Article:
Title

Three essays on the impact of high-skill immigration

Date of Award

8-2006

Degree Type

Dissertation

Degree Name

Doctor of Philosophy (PhD)

Department

Economics

Advisor(s)

Jeffrey D. Kubik

Keywords

High-skill immigration, Immigration, Information technology, Earnings

Subject Categories

Econometrics | Labor Economics | Race and Ethnicity | Work, Economy and Organizations

Abstract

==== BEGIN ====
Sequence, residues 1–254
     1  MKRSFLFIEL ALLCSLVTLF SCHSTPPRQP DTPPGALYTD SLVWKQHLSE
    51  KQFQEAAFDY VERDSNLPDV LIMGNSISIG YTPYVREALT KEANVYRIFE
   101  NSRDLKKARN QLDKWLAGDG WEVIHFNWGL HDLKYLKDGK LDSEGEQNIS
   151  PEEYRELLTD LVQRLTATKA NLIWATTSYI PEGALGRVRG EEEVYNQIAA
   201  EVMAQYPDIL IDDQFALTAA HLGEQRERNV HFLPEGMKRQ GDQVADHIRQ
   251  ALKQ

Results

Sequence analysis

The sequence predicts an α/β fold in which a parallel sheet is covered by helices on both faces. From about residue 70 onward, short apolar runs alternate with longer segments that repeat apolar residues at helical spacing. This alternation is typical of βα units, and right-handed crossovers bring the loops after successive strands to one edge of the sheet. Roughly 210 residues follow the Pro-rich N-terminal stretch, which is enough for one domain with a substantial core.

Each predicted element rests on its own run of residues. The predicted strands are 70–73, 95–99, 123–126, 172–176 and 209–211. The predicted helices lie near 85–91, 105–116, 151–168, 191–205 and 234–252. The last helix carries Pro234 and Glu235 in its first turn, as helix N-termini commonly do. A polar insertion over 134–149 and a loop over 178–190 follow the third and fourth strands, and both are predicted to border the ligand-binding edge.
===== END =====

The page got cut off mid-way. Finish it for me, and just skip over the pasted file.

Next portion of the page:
This dissertation contains three essays on the labor market impact of high-skill immigration in the U.S. The first essays treats immigrants and natives with different levels of education and of different gender as distinct factors of production and estimates the degree of substitutability and complementarity between pairs of inputs under the Translog production specification. Using data from the 1997 Economic Census and the 1980 and 2000 Censuses from IPUMS, I find that immigration has different effects on native workers, depending on the educational and gender compositions of both the immigrants and the natives. I also find that the impact of immigration differs across census regions with greater effects felt by native workers in the Northeast and the West. The second and third essays examine the labor market of information technology (IT) in the U.S., which has seen tremendous growth in the number of foreign skilled workers. The second essays assesses the impact of such large inflows of foreign skilled labor on U.S. native IT workers by comparing the native IT workers in the computer industry with the native managers and native secretaries/sales workers in the same industry. The latter two groups experience very little foreign labor inflow as compared with the IT occupation. Using data from the March CPS, I find that the inflow of foreign skilled labor adversely impacted the native IT workers' earnings, probability of employment, and work hours. The third essay is an extension of the second. It seeks to answer the question of whether local labor markets that receive larger amount of IT immigration also have lower average weekly earnings for their IT workers. Using data from the outgoing rotation groups in the Current Population Surveys, I find that native workers residing in areas with higher concentration of IT immigrants see larger reduction in weekly earnings.

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